With a thin sharp knife, cut the logs into thin cookies 1/4 inch (6 mm) thick. Place on a baking sheet lined with parchment paper and bake 8 to 10 minutes, until they just start to turn golden. (They will feel soft to the touch but will harden as they cool.)

Store in a tin in a cool dry place for up to a few weeks.

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Related recipes

Christmas cookies | Swiss Anisseed Chrabeli

Stollen

Candied orange and lemon peel

8 December 2012

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For years I’ve wanted to do this. Every time, as I gather all the ingredients to make Stollen in early December, I think I really should make candied citrus peel myself. But caught in the rush I end up scrambling and scouring stores desperately to find an acceptable option — usually just barely.

So I’m quite excited. It’s not as if I’d suddenly been graced with lots more time, rather to the contrary, but I guess that’s how it works.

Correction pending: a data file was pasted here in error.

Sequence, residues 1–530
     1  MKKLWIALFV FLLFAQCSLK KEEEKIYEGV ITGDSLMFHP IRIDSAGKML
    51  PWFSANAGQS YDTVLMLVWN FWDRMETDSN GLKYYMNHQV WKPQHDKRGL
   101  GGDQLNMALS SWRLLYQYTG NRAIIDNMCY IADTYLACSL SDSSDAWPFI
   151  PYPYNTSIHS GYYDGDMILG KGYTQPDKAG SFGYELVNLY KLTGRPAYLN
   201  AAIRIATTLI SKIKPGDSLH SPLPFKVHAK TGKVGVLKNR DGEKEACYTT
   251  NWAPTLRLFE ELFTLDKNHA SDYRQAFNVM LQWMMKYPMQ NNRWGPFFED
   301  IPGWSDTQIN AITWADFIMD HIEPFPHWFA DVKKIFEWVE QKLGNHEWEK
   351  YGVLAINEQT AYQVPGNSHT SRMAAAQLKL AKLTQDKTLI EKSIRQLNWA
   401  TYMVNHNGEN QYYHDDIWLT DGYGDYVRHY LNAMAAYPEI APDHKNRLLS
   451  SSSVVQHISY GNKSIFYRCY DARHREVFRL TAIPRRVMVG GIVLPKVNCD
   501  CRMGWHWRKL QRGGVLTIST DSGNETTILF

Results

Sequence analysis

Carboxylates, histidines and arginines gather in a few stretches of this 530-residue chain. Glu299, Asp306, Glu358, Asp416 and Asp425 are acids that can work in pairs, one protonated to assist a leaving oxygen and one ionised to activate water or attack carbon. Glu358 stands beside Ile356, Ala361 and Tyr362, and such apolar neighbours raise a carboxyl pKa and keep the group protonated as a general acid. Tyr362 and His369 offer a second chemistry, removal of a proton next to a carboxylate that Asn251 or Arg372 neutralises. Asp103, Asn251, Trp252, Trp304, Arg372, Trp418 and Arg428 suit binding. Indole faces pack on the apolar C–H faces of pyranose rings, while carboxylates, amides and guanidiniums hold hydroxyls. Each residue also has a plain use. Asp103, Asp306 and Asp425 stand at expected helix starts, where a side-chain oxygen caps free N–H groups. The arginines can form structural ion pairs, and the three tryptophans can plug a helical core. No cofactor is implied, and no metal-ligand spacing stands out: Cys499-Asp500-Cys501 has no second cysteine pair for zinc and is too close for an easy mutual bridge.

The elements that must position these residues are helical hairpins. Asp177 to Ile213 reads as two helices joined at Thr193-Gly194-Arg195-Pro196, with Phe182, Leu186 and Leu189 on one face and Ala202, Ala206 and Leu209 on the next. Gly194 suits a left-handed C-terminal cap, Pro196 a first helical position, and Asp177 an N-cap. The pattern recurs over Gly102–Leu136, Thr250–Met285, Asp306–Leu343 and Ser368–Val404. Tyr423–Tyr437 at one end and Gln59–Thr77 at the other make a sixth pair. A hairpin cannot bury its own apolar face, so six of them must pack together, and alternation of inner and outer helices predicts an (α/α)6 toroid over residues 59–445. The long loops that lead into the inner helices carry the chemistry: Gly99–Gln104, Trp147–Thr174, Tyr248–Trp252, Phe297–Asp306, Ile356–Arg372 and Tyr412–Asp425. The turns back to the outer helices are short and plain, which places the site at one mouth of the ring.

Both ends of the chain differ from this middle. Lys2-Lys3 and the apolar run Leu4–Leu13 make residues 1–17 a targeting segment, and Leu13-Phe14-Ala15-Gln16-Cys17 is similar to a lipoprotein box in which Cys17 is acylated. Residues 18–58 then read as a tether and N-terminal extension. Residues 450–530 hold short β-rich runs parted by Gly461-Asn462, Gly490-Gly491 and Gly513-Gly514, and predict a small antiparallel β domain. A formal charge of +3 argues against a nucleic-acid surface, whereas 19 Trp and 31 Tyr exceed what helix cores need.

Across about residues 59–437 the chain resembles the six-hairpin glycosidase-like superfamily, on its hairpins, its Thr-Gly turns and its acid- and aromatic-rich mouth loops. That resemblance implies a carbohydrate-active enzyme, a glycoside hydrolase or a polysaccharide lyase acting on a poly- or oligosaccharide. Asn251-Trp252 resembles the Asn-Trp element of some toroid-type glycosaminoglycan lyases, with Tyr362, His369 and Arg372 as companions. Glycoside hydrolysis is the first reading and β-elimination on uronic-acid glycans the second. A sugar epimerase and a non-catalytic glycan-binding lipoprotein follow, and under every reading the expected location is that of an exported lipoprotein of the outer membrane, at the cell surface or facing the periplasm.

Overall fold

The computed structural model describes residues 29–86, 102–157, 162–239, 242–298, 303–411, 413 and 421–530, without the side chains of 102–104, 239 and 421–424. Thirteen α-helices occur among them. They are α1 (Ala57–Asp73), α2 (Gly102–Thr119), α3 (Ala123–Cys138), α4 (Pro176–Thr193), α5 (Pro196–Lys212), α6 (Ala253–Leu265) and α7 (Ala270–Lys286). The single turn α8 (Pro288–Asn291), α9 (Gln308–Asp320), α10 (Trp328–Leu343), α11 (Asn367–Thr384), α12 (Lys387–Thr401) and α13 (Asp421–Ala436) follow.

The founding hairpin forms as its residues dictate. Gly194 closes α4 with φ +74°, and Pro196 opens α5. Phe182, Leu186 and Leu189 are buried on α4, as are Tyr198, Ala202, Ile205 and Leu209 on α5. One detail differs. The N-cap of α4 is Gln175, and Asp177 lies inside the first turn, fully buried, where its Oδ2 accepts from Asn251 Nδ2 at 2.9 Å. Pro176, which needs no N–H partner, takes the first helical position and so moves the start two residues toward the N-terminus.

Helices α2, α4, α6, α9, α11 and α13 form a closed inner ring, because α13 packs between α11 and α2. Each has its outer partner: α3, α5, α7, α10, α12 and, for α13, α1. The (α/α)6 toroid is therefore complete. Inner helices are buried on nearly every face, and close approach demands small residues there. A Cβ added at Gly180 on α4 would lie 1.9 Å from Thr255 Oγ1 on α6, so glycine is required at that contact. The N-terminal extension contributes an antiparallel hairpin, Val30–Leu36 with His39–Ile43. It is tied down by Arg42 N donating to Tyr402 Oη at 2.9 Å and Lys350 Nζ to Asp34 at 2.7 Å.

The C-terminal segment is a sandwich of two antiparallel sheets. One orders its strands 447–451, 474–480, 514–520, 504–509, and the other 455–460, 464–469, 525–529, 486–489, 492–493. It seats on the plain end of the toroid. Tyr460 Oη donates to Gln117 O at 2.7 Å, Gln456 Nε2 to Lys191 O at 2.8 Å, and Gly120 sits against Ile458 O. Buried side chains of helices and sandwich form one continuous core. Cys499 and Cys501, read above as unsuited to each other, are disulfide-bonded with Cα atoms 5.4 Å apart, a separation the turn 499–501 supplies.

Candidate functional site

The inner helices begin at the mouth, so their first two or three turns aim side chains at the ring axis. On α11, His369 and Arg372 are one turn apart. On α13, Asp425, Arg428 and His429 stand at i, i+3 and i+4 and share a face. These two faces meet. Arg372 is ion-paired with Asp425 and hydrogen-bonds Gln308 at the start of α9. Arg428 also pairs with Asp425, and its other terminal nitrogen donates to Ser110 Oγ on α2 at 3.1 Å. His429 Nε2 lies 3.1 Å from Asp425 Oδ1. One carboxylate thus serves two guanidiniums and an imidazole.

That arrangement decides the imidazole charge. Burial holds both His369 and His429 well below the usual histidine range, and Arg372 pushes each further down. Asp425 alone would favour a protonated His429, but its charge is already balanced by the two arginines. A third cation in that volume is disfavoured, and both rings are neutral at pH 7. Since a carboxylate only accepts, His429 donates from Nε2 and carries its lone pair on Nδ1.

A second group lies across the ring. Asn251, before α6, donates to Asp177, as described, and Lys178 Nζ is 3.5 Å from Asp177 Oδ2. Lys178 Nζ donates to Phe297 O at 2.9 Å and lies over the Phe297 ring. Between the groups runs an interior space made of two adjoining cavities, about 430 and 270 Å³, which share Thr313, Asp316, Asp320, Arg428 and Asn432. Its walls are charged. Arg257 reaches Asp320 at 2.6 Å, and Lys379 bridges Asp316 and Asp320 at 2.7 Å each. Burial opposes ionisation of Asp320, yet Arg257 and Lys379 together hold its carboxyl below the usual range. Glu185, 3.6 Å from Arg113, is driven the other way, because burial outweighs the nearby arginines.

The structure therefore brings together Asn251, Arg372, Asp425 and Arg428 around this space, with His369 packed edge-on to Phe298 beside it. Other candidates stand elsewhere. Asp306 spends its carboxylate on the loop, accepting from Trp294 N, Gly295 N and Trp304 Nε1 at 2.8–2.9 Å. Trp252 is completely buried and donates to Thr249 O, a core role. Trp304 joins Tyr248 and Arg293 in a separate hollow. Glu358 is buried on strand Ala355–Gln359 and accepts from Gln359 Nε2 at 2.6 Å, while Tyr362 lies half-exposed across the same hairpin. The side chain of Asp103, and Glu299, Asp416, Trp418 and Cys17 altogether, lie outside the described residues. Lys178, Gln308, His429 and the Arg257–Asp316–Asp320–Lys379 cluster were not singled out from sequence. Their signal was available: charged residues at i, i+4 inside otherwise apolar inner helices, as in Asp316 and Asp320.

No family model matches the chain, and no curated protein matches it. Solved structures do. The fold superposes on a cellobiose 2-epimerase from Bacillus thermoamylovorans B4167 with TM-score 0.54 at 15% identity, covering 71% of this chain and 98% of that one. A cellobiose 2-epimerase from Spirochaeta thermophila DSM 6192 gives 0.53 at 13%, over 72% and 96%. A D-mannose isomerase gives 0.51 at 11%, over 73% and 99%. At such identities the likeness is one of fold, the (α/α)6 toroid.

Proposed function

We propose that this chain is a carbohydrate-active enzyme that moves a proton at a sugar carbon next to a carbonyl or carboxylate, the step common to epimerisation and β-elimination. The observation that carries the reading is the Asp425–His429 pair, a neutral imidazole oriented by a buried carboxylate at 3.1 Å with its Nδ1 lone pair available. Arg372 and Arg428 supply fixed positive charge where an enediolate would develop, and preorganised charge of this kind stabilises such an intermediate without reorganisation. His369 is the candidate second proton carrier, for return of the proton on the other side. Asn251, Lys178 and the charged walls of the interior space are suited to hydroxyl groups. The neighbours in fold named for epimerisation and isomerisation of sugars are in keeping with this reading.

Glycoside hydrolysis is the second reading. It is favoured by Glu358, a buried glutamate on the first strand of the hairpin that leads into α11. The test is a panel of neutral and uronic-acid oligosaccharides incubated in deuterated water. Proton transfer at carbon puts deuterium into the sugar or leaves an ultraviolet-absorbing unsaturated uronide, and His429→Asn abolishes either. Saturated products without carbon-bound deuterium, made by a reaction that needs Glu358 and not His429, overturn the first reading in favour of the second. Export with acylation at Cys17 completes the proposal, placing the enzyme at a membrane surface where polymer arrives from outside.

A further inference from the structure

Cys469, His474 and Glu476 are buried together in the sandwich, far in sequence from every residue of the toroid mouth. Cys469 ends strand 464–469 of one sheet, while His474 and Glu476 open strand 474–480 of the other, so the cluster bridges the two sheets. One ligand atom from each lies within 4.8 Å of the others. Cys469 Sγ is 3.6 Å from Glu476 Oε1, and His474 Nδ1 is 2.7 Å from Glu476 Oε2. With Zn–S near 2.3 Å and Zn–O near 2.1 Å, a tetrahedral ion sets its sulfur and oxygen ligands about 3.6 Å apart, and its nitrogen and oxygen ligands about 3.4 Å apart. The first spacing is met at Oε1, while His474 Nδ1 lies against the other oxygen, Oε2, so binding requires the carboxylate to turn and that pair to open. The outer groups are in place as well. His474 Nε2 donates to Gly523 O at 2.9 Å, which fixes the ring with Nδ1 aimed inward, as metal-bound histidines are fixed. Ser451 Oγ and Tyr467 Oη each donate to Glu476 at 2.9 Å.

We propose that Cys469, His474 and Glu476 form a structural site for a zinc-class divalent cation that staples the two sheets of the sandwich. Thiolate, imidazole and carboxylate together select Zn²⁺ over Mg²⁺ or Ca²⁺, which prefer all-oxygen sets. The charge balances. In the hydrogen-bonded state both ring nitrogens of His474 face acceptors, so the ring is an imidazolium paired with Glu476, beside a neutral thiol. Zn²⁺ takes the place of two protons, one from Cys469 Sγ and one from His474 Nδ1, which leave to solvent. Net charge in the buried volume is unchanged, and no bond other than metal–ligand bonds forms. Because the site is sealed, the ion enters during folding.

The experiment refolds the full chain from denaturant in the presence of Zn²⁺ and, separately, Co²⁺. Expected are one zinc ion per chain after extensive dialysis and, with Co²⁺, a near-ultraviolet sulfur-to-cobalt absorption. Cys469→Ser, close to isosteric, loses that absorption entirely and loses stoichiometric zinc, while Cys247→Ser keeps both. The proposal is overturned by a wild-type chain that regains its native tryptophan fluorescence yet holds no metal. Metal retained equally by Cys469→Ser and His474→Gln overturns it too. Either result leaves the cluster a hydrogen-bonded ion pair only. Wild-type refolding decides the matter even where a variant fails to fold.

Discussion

It does take time — a few hours. Peeling, cutting, staying close to the boil. Repeating. It’s time-consuming. But simple. It’s meditative. And worth it.

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Orange peel

I candied the peel to use in Stollen, but there is plenty left over, which can be eaten as is, rolled in sugar, or dipped in dark melted chocolate to make orangettes. Mmmm.

5 oranges

3 cups (600 g) sugar

1 1/2 cups (350 ml) water (more for the first step)

To peel the oranges, trim off a ‘cap’ at either end so the orange sits in a stable position. Cut pieces of peel, equal to approximately a sixth of the fruit, from top to the bottom, including the pith and a bit of fruit. (The flesh can be used elsewhere for example in a fruit salad.) Slice the pieces of peel into strips 1/2 to 1-inch (1 to 2 cm) wide.
Place the peel in a smallish saucepan, cover with water, bring to a simmer and boil for a couple of minutes. Drain, discarding the water. Cover the peel with fresh water and repeat this three times (4 boils altogether).